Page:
Final stop on our tour was Camp Bonifas, location of the World’s Most Dangerous golf course.   It' is only a 1 hole, par 3 course which is surrounded on three sides by minefields.  Photo from Golf Grader.
We were fortunate to be able to see the Military Armistice Commission building as tensions have been high between the North and the South.  In part due to a Southern Korean ship that was suspected to be sunk by the North.  The blue building to the left is the MAC building where the North and the South have negotiations.  The small cement curb between the gravel and the pavement marks the Military Demarcation Line between the Republic of Korea (South) and the Democratic People's Republic of Korea (North).
We could clearly see a soldier from the North who had initially been watching us through binoculars. It was a very odd feeling, especially after signing a form that indicating our understanding that we could be harmed or killed on this tour.
The North does things to antagonize the South. Such as, using the American flag from this display to shine their boots and the South Korean flag to blow their nose.  The North has also rearranged the furniture on the Southern half of the MAC building.  They have also walked barefoot on the tables in the Southern half which is a sign of disrespect. A footprint can still be seen on the table and cannot be removed through cleaning.

This South Korean soldier, who is standing in a modified Tae Kwon Do ‘ready’ stance, is actually standing in North Korea.  I, too, crossed the room and stood in communist North Korea.

We were then taken to Checkpoint 3 where we had an excellent view of the North Korean and ‘Propaganda Village.’  Given this name from South Korea because of the blaring messages from loud speakers praising the North and Kim Jong Il.  It is also been established that no one actually resides in Propaganda Village, although the North will deny this.  The flagpole seen in this photo is the World’s largest and the North Korean flag flying weighs over 600 pounds!!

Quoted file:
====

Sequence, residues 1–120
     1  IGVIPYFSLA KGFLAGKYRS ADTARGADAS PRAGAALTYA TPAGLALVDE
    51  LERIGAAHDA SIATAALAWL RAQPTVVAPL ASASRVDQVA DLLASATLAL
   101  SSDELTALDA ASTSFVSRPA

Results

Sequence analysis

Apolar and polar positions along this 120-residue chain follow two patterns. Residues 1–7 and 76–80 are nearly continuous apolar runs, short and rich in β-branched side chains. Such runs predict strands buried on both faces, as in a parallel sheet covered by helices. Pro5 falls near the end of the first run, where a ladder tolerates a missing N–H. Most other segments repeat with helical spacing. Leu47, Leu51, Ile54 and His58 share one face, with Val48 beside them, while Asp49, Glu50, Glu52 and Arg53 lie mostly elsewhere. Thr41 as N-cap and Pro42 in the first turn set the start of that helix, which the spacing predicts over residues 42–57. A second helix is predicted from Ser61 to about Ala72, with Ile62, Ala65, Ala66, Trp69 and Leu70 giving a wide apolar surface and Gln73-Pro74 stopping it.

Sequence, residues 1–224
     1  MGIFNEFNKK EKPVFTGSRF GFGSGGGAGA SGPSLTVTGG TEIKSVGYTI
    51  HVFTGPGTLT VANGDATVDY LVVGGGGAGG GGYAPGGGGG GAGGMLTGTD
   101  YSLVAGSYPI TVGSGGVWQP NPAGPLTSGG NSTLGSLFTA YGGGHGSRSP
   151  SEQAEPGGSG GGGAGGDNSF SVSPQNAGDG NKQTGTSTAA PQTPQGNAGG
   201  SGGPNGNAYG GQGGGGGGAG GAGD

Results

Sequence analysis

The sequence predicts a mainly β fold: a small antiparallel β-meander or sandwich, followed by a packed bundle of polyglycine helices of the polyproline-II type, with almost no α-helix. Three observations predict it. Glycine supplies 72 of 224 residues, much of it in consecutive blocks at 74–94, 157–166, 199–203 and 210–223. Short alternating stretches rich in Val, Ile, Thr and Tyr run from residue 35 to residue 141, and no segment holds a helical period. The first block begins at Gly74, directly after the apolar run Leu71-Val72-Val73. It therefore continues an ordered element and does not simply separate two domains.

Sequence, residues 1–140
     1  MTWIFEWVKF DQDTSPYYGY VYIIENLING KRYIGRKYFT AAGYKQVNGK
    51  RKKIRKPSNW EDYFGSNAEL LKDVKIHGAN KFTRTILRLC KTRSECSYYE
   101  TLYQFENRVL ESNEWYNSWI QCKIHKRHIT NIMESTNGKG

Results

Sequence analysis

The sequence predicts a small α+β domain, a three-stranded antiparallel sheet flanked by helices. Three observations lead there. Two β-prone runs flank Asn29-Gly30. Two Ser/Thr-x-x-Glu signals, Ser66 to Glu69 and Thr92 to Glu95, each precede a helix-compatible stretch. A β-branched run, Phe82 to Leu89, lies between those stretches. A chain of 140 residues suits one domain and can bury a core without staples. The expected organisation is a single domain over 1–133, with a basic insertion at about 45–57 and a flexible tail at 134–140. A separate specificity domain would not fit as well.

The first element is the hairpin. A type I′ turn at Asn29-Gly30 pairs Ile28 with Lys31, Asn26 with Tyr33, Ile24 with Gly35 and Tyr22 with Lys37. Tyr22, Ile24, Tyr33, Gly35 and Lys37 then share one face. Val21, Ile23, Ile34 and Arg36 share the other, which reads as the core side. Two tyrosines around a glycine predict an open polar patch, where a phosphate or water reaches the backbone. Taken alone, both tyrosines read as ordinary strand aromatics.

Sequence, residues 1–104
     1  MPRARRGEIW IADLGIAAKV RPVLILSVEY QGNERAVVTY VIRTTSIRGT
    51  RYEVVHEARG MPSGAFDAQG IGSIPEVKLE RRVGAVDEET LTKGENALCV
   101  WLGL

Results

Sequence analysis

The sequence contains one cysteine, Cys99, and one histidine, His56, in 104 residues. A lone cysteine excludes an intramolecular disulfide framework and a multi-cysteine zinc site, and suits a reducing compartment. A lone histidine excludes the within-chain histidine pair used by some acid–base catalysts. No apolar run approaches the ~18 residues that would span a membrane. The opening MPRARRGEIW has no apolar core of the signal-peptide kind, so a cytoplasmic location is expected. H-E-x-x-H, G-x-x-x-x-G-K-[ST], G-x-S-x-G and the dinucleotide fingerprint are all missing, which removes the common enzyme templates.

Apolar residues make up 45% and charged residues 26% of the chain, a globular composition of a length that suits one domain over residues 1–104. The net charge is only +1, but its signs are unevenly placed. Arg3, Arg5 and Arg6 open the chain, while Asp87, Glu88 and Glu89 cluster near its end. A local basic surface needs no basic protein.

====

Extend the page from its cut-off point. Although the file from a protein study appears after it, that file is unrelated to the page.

Monument erected to the two American Soldiers slaughtered and mutilated with axes by the North Korean Soldiers during a routine tree trimming event. 

After the Armistice was signed, soldiers from both sides were returned to the Bridge of No Return.  They could chose to which side of Korea they wished to return; but, once there they were not allowed to cross back over into the opposing side again.

This is a satellite photo of both Koreas. It’s terribly eerie how incredibly dark it is on the North Korean side.  Only one solitary dot illuminated at North Korean capital of Pyonyang. Photo from Strange Maps.

Thank you for staying with me on my journey to the DMZ, I know this was a long post.  It was a moving experience for me.  It brought back fears from the Oklahoma City bombing, pride in my husband for helping to protect a proud nation, compassion in my soul for a nation ripped in two, heartbreak for amazing people working to rebuild their homeland, sorrow for the children born in the communist North and wonder that I was able to experience it all.  How blessed I am!